Roy Bhaskar was born in 1944 to a family with Indian and English parentage. His early years are of little consequence to the discussion here, yet a short note on his experiences at university are interesting in allowing us to better understand some of the underlying motivations in his work. What is notable is that Bhaskar’s entry into the study of philosophy at university was somewhat accidental and also that it was informed by a deep interest in oppressive social forces in society. Bhaskar entered university in the 1960s to study Philosophy, Politics and
Economics at Balliol College, Oxford. As a student, along with many of his 1960s contemporaries, he became deeply concerned about the problem of world poverty, and the inadequacy of modern social science, notably the science of economics, to deal with this problem. Motivated by this concern, Bhaskar eventually started work on a PhD thesis on the relevance of economic theory for underdeveloped countries. This research never got as far as he initially hoped, however, as he found himself ‘distracted’ by important philosophy of social science questions that he felt he should deal with prior to proceeding further into his PhD studies. By delving into the study of philosophy of science and social science he
became increasingly dissatisﬁed with the debates characteristic of these ﬁelds. At the time key battles in the philosophy of science were conducted between the so-called theorists of ‘growth of knowledge’, Popper, Lakatos, Kuhn and Feyerabend. In philosophy of social science, on the other hand, debates between the ‘positivist’ scientists of society and ‘hermeneutic’ opponents of a scientiﬁc study of social aﬀairs were dominant. While the idea of science remained at the core of all these debates, Bhaskar was perplexed by the fact that a curiously singular discourse of science seemed to inform the debates philosophically. The proponents of scientiﬁc inquiry in mid-twentieth century philosophy
of science tended to openly draw on the long tradition of empiricist-positivist philosophy of science to justify their approach to science. Positivism is an infamously contested term but it is generally associated with the belief that ‘scientiﬁc methods’ can, in reference to empirical observational evidence, justify the superiority of some knowledge claims (scientiﬁc) over others (say,
speculative, metaphysical or religious). Positivist philosophies of science are informed by an empiricist theory of knowledge: belief in perceptual impressions as a key way of generating and validating knowledge. For key positivists during Bhaskar’s studies, such as Karl Popper (1959) and Carl Gustav Hempel (1965) for example, the best way to come to know the world was through the study of observational regularities in the world around us. On the basis of knowledge of general observational patterns (or laws), and equipped with a rigorous deductive logic, we could form valid and reliable scientiﬁc knowledge and make predictions through which we can exert some control over our environment, natural and social. Popper’s and Hempel’s positivism was premised upon a deductive and falsiﬁcationist conception of scientiﬁc logic and the progress of science (not the inductive and veriﬁcationist view of earlier ‘logical’ positivists), yet the key emphasis of their deductive-nomological (DN-) model of science was still on the ability to set criteria for more or less objective ‘truth-approximating’ knowledge. However, Thomas Kuhn’s (1962) account of the history of science had posed deep challenges to this kind of perspective. Kuhn argued that, instead of working independently of their social context and seeking unbiased falsiﬁcation of arguments, scientists are in fact inevitably inﬂuenced by their social context. The parameters of what is seen as ‘normal science’ shapes in deep ways their knowledge claims, what they study and how. Science and its superiority as a ‘way of knowing’ received a knock from Kuhn, then, and also simultaneously from many critical theorists of the Frankfurt School vein sceptical of the destructive outcomes of scientiﬁc knowledge during the early twentieth century (for example in the ‘Marxist’ Soviet Union and during the Second World War). In the social sciences too, the idea of science was ﬁercely contested. The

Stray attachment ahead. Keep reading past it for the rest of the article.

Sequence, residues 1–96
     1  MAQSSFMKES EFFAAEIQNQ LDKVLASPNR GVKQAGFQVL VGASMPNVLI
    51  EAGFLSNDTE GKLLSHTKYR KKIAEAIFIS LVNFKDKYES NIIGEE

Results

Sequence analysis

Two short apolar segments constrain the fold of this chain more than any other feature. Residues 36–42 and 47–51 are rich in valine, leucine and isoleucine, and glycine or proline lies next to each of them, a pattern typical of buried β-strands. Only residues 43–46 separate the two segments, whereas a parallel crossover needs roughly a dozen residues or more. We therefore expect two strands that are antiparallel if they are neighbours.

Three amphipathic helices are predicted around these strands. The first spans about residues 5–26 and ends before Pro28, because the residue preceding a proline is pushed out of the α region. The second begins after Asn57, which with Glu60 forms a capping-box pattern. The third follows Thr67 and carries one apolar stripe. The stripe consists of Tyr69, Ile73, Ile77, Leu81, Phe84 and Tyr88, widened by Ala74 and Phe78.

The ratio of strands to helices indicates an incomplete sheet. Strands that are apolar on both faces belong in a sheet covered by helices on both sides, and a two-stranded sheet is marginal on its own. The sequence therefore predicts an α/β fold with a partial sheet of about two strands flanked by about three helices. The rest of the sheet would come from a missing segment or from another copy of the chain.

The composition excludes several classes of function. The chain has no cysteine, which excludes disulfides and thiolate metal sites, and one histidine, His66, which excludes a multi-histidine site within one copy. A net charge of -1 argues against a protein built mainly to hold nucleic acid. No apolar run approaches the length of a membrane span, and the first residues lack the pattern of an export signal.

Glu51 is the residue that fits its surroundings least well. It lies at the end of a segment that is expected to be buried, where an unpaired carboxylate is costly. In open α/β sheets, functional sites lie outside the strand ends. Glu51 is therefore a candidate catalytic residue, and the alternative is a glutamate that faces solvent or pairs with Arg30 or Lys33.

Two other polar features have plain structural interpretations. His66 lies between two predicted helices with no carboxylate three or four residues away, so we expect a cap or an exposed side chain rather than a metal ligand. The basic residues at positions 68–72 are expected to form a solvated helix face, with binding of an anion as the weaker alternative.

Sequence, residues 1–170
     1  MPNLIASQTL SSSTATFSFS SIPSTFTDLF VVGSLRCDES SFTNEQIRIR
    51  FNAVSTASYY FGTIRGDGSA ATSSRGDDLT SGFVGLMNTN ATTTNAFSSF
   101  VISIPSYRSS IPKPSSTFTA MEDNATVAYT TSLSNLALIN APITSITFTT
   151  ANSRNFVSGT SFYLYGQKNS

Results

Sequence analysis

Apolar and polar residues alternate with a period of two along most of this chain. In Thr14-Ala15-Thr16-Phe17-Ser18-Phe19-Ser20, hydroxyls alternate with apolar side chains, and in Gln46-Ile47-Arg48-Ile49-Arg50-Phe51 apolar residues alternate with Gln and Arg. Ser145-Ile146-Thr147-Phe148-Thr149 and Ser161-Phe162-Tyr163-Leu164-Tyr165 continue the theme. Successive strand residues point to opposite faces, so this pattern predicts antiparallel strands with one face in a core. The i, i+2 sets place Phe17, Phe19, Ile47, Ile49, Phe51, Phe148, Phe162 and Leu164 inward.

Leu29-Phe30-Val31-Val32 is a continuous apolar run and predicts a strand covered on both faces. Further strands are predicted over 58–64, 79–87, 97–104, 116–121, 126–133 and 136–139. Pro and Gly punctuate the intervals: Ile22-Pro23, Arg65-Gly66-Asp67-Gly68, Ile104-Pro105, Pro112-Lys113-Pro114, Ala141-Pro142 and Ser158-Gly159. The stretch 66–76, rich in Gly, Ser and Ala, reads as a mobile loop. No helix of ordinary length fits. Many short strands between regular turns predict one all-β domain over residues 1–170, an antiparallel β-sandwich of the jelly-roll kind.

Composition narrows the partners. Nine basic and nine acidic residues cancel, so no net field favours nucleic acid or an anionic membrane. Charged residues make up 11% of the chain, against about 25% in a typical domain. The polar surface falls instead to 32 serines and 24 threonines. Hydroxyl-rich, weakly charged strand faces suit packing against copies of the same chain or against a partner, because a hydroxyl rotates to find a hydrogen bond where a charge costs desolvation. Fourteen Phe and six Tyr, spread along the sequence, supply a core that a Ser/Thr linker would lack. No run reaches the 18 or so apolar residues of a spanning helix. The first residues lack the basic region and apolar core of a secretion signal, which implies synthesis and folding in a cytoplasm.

so-called interpretivist and hermeneutic scholars argued that social inquiry should not pretend to be akin to the natural sciences and should instead be focused on ‘interpreting’, more akin to the arts, the unique conﬁgurations of thought and meaning that agents hold. There were diﬀerent strands of interpretivism: ‘traditional’ hermeneuticians tried to gain an understanding of the ‘real meanings’ that actors held, whereas more ‘radical’ interpretivists following Wittgenstein and poststructuralist ideas started to emphasise that we cannot claim to unearth the real meanings or reasons of actors but rather should merely study the complexity of the language games or discursive constructions that provide the context for social actors’ behaviour (Bauman 1978; Hollis 1994). The interpretivists, despite the variations between them, were united in emphasising the inadequacies of the generalising, observational, predictive and ‘value-neutral’ conception of social science advocated by the positivists. Social inquiry, interpretivists argued, necessitates interpretive judgements and normative evaluations. Importantly, the interpretive tradition tended to be hostile to the very language of science and causation – science and causation were seen as notions fundamentally embedded within the objectivist ‘instrumentally rational’ social science (Horkheimer and Adorno 1972).